U.S. officials are targeting a $300 billion list of additional Chinese imports including laptop computers for tariff hikes, ratcheting up a trade fight that is shaking financial markets and fueling fears about global economic growth.
The release followed Beijing’s announcement Monday of tariffs of up to 25% on $60 billion of American imports in their spiraling dispute over Chinese technology ambitions and other irritants.
The list of 3,805 product categories is a step toward carrying out President Donald Trump’s May 5 threat to extend punitive 25% duties to all Chinese imports, the U.S. Trade Representative announced. It said a June 17 hearing would be held before Washington decides how to proceed.
The list “covers essentially all products” not already affected by punitive tariffs, the USTR said.
It includes laptop computers, saw blades, turbine parts, tuna and garlic. The USTR noted it excludes pharmaceuticals and rare earths minerals used in electronics and batteries.
Asian stock markets fell Tuesday for a second day amid investor anxiety about the impact of trade tensions on global economic growth.
China’s main market index slipped 0.7% and Tokyo’s benchmark fell 0.6%. Hong Kong, Australia and Taiwan also fell.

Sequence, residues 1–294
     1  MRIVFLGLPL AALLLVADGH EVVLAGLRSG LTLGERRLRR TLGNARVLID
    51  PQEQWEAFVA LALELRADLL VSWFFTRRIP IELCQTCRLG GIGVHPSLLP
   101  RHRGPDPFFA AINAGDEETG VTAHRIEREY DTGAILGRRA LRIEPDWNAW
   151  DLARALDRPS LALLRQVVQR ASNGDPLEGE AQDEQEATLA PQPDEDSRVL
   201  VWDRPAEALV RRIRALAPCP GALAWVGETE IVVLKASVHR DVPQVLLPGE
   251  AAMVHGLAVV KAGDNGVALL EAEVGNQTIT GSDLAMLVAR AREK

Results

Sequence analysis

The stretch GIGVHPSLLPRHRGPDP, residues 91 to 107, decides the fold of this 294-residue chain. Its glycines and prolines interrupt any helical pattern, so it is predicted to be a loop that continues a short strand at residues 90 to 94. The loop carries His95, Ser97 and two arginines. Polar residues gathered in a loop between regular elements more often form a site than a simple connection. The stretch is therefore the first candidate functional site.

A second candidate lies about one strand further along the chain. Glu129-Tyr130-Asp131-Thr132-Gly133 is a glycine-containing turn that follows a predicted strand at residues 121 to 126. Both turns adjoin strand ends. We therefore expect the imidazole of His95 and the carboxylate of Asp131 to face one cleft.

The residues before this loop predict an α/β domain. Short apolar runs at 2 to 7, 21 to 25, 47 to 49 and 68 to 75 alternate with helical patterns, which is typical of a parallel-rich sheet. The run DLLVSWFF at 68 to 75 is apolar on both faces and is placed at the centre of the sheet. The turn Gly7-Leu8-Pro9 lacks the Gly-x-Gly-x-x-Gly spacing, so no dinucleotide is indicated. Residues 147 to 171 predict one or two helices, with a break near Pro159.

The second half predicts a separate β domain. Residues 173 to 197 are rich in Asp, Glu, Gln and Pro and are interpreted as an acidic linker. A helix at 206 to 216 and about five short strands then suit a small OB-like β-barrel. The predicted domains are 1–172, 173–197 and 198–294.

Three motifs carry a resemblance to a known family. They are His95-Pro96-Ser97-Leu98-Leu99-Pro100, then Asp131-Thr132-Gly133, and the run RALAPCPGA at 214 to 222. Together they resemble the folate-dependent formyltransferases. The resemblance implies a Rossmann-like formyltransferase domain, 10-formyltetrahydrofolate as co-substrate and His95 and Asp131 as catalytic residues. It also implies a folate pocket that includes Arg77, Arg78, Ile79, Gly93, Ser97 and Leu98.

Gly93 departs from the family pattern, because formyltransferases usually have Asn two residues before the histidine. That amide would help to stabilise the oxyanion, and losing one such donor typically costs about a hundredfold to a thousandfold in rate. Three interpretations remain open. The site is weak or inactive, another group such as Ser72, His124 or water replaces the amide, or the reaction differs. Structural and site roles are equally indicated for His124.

On Monday, the Dow Jones Industrial Average fell 2.4% and the tech-heavy Nasdaq lost 3.4% in its biggest drop of the year.
That came after Beijing retaliated for U.S. tariff increases Friday on $200 billion of U.S. goods. China’s Finance Ministry announced duties of 5% to 25% due to take effect June 1 on about 5,200 American products, including batteries, spinach and coffee.
Trump warned Xi on Twitter that China “will be hurt very badly” if it doesn’t agree to a trade deal. Trump wrote that Beijing “had a great deal, almost completed, & you backed out!”
Both governments indicated more negotiations are likely. Trump said Monday he Xi would meet during the Group of 20 meeting of major economies on June 28 and 29 in Osaka, Japan.
The six weeks before that meeting will be “highly volatile” for financial markets, said Macquarie Bank analysts in a report.
“Both sides have the incentive to act half-crazy and unpredictable before that in order to cut a better deal,” they said.